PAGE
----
It’s Time To Change The Way We Educate Our Kids About maths And Money

maths Pic Equation

{Jadranka} via Flickr

Don’t know much about geography
Don’t know much trigonometry
Don’t know much about algebra
Don’t know what a slide rule is for”
~ Sam Cooke

President Obama wants to raise the US debt ceiling next month. In short, he is trying to prevent us from defaulting to foreign countries. But it means we are increasing our credit limit and borrowing more from those countries to meet our obligations. Do we care? 

Sadly, most people probably don’t care about our national debt until the media brings it to our attention. But the truth is we quickly forget about it, not really grasping the true consequences of what the national debt means to our personal economic situation.   

Last year, I was in the open house at my daughter’s eleventh grade class. The Algebra II teacher said that he felt everyone would pass this class, but he was more concerned about the seniors who were flunking the basic economics elective he taught. He laughed that they couldn’t tell the difference between a deduction and a deposit. Almost everyone laughed…except me.

An elective taught to the seniors…not a mandatory class taught to all ninth graders?!

No wonder our kids don’t know anything about finances.

What kind of country would we live in if we raised our next generation to be responsible with their money?  It would be the kind of country where raising the debt, balancing the budget and spending $4.00 for a gallon of gasoline would be unknown.

Imagine a society where kids would be raised to save money, instead of spending it.  Imagine young people knowing how to open and maintain a checking account before they ever have an income.   Imagine your children understanding what terms like FICA, Social Security, payroll deduction and money markets are before they get a job.

So who is responsible for young people knowing about basic economics?  

Their parents? You can say that, but I don’t completely agree. I don’t think most parents have an understanding of basic economics. They borrow more than they can afford to pay off (back to the US government’s debt crisis), they spend more than they make (Dave Ramsey says, “Act your wage.”), and they live well above their means and lifestyles. Parents should, but they won’t for the obvious reaons.

The schools? The schools already teach kids sex, nutrition, and how to read. So why don’t we make the schools teach our children how to be good citizens with their money? No, we are too busy teaching electives about financial responsibility and making students learn terms like: sine, cosine, and tangent – principles only a few of them will ever use in their lives. Schools should, but they are too busy teaching useless garbage.

When I think back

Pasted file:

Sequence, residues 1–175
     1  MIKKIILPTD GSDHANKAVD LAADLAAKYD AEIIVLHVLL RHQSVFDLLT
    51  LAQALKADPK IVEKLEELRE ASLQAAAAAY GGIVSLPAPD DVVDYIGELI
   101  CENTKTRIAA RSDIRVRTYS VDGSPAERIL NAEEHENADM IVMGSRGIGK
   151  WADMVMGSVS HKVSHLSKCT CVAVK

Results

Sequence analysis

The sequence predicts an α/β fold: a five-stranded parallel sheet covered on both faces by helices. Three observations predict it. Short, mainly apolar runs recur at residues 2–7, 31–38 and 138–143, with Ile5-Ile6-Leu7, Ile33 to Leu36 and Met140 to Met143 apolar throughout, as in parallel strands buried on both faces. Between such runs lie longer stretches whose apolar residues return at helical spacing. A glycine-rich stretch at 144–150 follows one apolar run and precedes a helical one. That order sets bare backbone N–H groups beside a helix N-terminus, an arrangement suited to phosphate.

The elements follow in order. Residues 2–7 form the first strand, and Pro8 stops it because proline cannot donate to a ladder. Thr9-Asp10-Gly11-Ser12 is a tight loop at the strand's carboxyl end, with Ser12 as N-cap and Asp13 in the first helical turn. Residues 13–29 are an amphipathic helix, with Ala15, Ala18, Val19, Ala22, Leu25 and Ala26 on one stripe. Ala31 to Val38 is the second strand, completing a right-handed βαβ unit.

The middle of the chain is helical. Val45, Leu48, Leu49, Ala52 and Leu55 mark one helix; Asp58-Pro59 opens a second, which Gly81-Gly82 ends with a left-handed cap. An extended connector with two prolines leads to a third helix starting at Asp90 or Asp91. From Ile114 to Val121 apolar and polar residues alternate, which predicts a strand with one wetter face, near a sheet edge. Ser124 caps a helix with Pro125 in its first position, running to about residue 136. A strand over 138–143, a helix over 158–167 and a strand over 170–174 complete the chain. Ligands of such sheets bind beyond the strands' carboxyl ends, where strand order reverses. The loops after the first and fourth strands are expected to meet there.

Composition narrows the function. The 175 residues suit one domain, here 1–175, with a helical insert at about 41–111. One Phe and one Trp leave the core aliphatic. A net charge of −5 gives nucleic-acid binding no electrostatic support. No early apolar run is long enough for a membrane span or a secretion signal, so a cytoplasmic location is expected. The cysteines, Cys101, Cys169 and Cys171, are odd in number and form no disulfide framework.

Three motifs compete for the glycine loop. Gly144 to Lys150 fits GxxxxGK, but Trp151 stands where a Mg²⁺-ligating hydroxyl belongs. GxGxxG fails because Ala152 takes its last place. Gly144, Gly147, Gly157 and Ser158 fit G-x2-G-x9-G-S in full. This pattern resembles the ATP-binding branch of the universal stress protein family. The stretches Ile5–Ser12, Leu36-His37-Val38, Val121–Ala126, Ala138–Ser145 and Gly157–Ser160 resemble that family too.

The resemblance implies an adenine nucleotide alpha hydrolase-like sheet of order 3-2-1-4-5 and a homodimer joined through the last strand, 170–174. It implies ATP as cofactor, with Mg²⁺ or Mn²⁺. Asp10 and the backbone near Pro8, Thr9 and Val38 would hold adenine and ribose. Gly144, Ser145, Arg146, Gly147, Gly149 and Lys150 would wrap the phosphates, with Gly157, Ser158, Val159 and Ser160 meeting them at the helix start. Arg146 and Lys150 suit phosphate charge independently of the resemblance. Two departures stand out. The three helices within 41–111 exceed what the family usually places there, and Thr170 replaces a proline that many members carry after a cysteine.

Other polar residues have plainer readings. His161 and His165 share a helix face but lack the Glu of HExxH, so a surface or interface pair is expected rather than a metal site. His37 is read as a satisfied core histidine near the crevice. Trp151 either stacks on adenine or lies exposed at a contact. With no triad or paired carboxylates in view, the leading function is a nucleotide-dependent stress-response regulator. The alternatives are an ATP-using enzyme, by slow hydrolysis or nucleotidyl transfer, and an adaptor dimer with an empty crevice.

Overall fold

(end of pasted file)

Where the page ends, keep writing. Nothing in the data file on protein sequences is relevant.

On all the crap I learned in high school
It’s a wonder
I can think at all
~ Paul Simon

Quick, what is the absolute value of -3? If you know, good for you. Tell me when was the last time you needed to know that to take home a paycheck? Unless you are a rocket scientist, I think almost never.
Now quick, what is FICA? If you know, you are employed.Tell me when was the last time you needed to know that to take home a paycheck? Last week, or this week?

It’s time to reinvent the way we educate our children about maths and Money.

I am not against teaching maths. I am against teaching useless maths required of everyone.  Most of us will never use Trigonometry or the Absolute Value of a number in our entire lifetimes. Every one of us will have to know how to handle, save, and spend money for the rest of our lives.

But how do we handle it now? Change our habits.

  • Any financial advisor will tell you that each year most people retire with little or less than enough savings set aside to live on.
  • Any credit counselor will tell you that most people carry more than $5,000 in debt every month and don’t make a habit of paying off their bills when they are due.
  • Any banker will tell you that they make most of their money off of people’s bad spending habits (overdraft fees, excessive use of credit accounts, etc.).

I will tell you that young people have no knowledge of basic financial habits that they will need to even start their first job.

We don’t know or care enough about the US economy and the crisis it faces today because we don’t know enough to manage our own finances. So we keep electing other people to handle (or mis-handle) it for us.  And then we ignore it, because we can’t understand it in our own lives.

It would mean more to us, if we acted responsibly in our lives, our schools and in our households.

Jim Mathis, CSP is The Reinvention Strategist™ , an international Certified Speaking Professional and author of the soon to be released book, Reinvent Yourself – The Simple Steps to Dominate Your Market. To subscribe to his free personal and professional development newsletter, please send an email to: [email protected] with the word SUBSCRIBE in the subject. An electronic copy will be sent out to you every month. For more information on how Jim and his programs can benefit your organisation or group, please call 888-688-0220, or visit his web site: www.jimmathis.com.

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